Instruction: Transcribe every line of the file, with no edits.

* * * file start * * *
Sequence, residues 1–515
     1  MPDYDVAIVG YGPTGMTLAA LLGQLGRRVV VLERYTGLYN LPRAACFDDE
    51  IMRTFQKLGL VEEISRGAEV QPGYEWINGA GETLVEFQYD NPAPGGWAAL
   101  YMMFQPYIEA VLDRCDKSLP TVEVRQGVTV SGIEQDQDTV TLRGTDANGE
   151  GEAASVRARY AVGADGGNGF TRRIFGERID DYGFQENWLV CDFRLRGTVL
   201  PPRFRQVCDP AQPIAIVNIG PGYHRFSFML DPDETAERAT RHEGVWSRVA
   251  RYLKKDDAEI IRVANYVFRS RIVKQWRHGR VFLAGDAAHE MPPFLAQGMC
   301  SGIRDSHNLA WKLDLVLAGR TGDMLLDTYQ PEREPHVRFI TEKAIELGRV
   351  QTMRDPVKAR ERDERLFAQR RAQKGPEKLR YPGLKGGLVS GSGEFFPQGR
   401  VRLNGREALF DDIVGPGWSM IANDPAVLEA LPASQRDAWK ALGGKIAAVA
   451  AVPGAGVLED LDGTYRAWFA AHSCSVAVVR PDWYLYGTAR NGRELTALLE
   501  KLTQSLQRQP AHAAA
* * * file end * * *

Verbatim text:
Sequence, residues 1–515
     1  MPDYDVAIVG YGPTGMTLAA LLGQLGRRVV VLERYTGLYN LPRAACFDDE
    51  IMRTFQKLGL VEEISRGAEV QPGYEWINGA GETLVEFQYD NPAPGGWAAL
   101  YMMFQPYIEA VLDRCDKSLP TVEVRQGVTV SGIEQDQDTV TLRGTDANGE
   151  GEAASVRARY AVGADGGNGF TRRIFGERID DYGFQENWLV CDFRLRGTVL
   201  PPRFRQVCDP AQPIAIVNIG PGYHRFSFML DPDETAERAT RHEGVWSRVA
   251  RYLKKDDAEI IRVANYVFRS RIVKQWRHGR VFLAGDAAHE MPPFLAQGMC
   301  SGIRDSHNLA WKLDLVLAGR TGDMLLDTYQ PEREPHVRFI TEKAIELGRV
   351  QTMRDPVKAR ERDERLFAQR RAQKGPEKLR YPGLKGGLVS GSGEFFPQGR
   401  VRLNGREALF DDIVGPGWSM IANDPAVLEA LPASQRDAWK ALGGKIAAVA
   451  AVPGAGVLED LDGTYRAWFA AHSCSVAVVR PDWYLYGTAR NGRELTALLE
   501  KLTQSLQRQP AHAAA